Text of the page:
The Article introduces the concept of board capital, which originated from the for-profit management literature, but has gained a stronghold in the nonprofit boards’ literature, to provide guidance on how to compose boards of nonprofit organizations that serve vulnerable, often minority communities. Board capital comprises financial, social, and human capital and highlights the importance of having board directors who as a group, possess the skills, knowledge, and professional and personal experiences to not only provide legal and finance expertise, and funding, but also provide strategic advice informed by knowledge of the client population.
The Article supports its normative assertions with the empirical example of the 9000+ boards of directors of public interest legal organizations (PILOs). Empirical findings show that boards in these legal nonprofit organizations are largely assembled to focus on legal expertise and fundraising at the expense of social capital affinity with communities served, and human capital skills and characteristics to understand the needs of the client population and be racially and ethnically diverse. A majority of the boards comprise law firm and corporate lawyers who can be far removed from the legal and social issues the organizations represent. For other nonprofit organizations, many board members come from the business sector. This misplaced emphasis may be undercutting nonprofits’ abilities to serve their stated mission effectively. Board members are more likely to hew to their own expertise and abilities to raise financial capital. Boards of directors also tend to replicate themselves, which undermines human capital knowledge of the client population and racial and ethnic diversity. The Article makes suggestions for increasing human capital, particularly expertise on the client population and racial diversity on nonprofit boards. It also addresses board capital implications for for-profit boards.
Samuel D. Brunson
Friday, July 8, 2022
Joan MacLeod Heminway (University of Tennessee) has published Choice of Entity: The Fiscal Sponsorship Alternative to Nonprofit Incorporation, 23 Transactions: The Tennessee Journal of Business Law 526 (2022). Here is an excerpt from the conclusion:
This short article explores the potential use of fiscal sponsorships as a means of incentivizing and systematizing the activities of nonprofit projects without the need to form a separate legal entity. The appeal of attracting funders who desire a federal income tax deduction for their contributions and the desire to conduct operations that are tax-exempt under U.S federal law may be core reasons for conducting a nonprofit project through a nonprofit corporation. Yet, nonprofit corporations may be a less than appealing choice of entity for certain nonprofit projects after considering other factors.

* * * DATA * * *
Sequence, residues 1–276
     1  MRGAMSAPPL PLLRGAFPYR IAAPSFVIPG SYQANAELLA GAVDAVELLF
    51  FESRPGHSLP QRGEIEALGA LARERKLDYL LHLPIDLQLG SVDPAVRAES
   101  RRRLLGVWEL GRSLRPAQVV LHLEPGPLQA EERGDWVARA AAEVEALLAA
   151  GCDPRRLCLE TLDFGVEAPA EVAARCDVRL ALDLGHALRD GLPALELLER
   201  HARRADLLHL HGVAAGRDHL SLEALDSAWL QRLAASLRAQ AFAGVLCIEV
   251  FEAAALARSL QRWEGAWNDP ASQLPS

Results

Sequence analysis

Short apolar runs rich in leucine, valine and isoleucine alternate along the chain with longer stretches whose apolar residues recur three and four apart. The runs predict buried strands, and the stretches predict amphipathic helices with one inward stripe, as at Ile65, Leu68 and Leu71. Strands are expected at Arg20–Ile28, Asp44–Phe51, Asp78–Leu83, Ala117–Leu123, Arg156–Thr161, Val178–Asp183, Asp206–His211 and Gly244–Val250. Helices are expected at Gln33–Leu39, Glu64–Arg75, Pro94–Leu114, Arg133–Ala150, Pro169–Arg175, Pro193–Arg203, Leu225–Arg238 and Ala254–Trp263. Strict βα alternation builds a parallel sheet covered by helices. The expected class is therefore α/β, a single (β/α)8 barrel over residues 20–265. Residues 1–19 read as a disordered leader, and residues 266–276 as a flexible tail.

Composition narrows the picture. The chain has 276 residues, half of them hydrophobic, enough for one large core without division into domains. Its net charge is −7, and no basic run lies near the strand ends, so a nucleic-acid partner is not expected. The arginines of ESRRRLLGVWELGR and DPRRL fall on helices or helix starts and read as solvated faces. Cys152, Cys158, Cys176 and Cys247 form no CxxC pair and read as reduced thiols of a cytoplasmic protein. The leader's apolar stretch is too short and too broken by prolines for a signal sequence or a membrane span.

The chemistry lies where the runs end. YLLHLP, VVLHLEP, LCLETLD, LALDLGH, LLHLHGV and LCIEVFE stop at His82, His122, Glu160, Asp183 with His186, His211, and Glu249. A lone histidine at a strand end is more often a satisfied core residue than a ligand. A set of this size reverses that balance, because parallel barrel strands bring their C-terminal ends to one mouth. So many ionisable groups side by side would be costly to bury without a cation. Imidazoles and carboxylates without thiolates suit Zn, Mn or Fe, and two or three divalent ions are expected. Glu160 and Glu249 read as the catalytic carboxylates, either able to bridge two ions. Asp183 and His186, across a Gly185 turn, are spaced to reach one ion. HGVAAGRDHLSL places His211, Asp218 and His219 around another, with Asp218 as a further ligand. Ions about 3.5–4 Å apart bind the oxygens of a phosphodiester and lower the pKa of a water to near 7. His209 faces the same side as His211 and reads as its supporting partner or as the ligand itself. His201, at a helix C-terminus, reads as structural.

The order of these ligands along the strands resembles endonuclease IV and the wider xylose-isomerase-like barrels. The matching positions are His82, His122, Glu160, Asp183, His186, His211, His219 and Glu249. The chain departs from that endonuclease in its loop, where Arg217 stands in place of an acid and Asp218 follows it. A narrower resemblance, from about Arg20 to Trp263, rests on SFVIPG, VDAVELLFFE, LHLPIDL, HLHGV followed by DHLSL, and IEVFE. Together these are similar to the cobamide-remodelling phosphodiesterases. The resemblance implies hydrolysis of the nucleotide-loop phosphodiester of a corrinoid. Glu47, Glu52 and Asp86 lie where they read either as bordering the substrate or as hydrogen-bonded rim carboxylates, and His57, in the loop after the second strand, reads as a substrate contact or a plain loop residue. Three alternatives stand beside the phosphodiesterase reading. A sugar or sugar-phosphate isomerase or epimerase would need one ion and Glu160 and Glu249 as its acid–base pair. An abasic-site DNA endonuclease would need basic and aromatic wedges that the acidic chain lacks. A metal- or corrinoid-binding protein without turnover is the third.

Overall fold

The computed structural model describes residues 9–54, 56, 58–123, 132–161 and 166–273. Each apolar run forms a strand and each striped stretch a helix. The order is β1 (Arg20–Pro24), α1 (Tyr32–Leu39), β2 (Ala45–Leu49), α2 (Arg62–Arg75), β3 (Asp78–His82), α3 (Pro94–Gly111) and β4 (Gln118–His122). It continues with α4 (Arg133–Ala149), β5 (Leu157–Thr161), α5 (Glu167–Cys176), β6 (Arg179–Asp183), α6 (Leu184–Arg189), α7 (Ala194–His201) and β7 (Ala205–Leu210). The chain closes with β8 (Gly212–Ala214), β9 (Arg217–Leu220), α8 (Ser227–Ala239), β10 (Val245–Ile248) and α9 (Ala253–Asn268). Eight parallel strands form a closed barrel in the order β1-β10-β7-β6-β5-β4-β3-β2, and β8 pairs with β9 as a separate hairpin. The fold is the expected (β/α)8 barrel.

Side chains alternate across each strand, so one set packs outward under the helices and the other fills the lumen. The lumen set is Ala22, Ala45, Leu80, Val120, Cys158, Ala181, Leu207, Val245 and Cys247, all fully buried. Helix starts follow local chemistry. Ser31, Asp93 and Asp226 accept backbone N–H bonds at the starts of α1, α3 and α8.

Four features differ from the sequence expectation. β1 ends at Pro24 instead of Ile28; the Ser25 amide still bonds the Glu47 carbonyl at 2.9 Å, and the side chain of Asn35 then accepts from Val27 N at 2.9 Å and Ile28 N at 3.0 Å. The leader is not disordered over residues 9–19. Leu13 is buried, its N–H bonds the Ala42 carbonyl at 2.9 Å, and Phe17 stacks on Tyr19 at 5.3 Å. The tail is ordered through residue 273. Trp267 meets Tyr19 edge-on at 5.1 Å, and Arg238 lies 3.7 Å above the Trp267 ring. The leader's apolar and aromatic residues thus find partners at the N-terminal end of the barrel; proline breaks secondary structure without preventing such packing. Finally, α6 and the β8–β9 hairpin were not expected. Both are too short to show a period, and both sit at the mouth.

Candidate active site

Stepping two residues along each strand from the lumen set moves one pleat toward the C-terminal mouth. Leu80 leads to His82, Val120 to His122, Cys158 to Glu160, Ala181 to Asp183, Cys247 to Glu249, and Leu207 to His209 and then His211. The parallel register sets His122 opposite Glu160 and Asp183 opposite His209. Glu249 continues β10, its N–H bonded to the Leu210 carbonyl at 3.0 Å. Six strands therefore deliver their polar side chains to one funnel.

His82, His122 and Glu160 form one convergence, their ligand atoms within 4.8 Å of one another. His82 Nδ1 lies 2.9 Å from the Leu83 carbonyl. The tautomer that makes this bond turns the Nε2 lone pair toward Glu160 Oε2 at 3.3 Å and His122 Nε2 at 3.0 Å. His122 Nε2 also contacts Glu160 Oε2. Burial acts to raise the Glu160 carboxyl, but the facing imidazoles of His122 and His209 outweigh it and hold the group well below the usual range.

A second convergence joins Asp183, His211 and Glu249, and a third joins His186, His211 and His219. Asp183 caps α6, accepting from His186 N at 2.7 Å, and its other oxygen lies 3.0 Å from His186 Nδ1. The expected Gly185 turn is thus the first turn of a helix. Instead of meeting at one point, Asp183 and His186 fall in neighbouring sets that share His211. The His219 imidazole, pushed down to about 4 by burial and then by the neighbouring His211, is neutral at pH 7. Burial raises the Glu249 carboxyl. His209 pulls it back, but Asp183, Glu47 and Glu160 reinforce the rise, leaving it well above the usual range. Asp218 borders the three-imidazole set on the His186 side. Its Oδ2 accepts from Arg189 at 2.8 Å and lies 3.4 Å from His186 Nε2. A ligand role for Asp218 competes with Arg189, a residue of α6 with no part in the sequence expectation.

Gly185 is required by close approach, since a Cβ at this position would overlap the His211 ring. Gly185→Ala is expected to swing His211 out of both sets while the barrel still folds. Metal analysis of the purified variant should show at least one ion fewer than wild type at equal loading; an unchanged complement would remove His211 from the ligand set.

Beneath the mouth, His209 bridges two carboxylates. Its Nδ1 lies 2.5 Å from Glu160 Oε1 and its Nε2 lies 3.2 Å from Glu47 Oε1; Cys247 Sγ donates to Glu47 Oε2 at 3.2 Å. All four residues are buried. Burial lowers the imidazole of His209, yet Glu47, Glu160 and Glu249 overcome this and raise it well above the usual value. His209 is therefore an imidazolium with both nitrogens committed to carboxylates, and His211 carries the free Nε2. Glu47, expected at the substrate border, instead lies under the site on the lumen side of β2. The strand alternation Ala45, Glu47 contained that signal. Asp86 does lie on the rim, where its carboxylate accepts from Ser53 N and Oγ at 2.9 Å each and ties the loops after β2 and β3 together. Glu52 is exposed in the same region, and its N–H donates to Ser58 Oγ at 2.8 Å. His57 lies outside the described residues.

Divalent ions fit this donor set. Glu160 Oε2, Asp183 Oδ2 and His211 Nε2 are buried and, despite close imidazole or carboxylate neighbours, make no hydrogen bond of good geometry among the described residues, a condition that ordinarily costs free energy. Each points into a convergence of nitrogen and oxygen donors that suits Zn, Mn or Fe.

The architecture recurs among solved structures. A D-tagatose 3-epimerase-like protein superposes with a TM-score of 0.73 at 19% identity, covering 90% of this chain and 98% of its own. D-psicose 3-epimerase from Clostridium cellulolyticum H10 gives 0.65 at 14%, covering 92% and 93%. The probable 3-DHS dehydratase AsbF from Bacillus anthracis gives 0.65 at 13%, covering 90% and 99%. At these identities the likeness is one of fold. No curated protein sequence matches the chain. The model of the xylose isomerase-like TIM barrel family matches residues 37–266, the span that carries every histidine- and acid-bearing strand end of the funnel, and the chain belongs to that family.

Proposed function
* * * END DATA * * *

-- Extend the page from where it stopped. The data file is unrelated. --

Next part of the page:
Specifically, the time and expense involved in both entity formation and maintenance and federal income tax compliance activities may make nonprofit incorporation under state law a suboptimal choice for certain nonprofit projects. Moreover, many nonprofit project founders and promoters do not need the structural and governance attributes that nonprofit corporate law provides. This may be especially true for discrete or one-off nonprofit projects that involve a single founder or promoter (or a small number of founders and promoters)—which often is the case for creative enterprises (like the Vita Brevis project in Boston). If
● the founders or promoters of this kind of nonprofit project can identify a §501(c)(3) organization with a corporate purpose that incorporates the substance of the nonprofit project and
● that §501(c)(3) organization is willing to serve as a fiscal sponsor for the nonprofit project under terms satisfactory to the founders and promoters of the nonprofit project,
then incorporation as a nonprofit corporation may not be necessary for the nonprofit project to secure federal income tax deductibility for funders and a federal income tax exemption for its income.
C. Boone Schwartzel has posted Was It Wise to Try to Implement Trust Law Reforms Through the Uniform Prudent Management of Institutional Funds Act?, 14 Estate Planning & Community Property Law Journal 179 (2021). Here is the abstract:
This article explores two main topics. First, it generally discusses the Uniform Prudent Management of Institutional Funds Act’s new definitions and expanded scope, and then examines whether under the Act, as a matter of law, restrictions imposed in a gift instrument between a “donor” institution and a second, affiliated institution it controls must be respected and enforced (and the fund assets treated as “donor restricted”) even though generally accepted accounting principles may take a different view.
Second, the article examines UPMIFA’s new statutory remedies that empower courts and charitable institutions to modify much more easily a donor’s outdated or “wasteful” restrictions. UPMIFA’s remedies are loosely patterned after controversial reforms of trust law’s equitable deviation and cy pres doctrines, as promulgated in the Uniform Trust Code and the Restatement (Third) of Trusts, that loosen their historical ties to the donor’s original charitable intent and virtually eliminate cy pres’ “general charitable intent” requirement. There are important public policy issues and constitutional law questions concerning the wisdom and validity of these reformed trust law remedies, and especially as implemented in UPMIFA.
Thursday, July 7, 2022
ProPublica published a story on the government battle against syndicated conservation easements titled The Tax Scam That Won't Die. The discouraging sub-title is "The IRS, the Justice Department and Congressional Republicans and Democrats are all trying to put an end to syndicated conservation easements. But with lobbyists like Henry Waxman helping lead the resistance, the efforts have had little effect." It concludes: "The use of the scheme continues unabated. Along the way it has cost the U.S. Treasury billions in lost taxes, according to the IRS."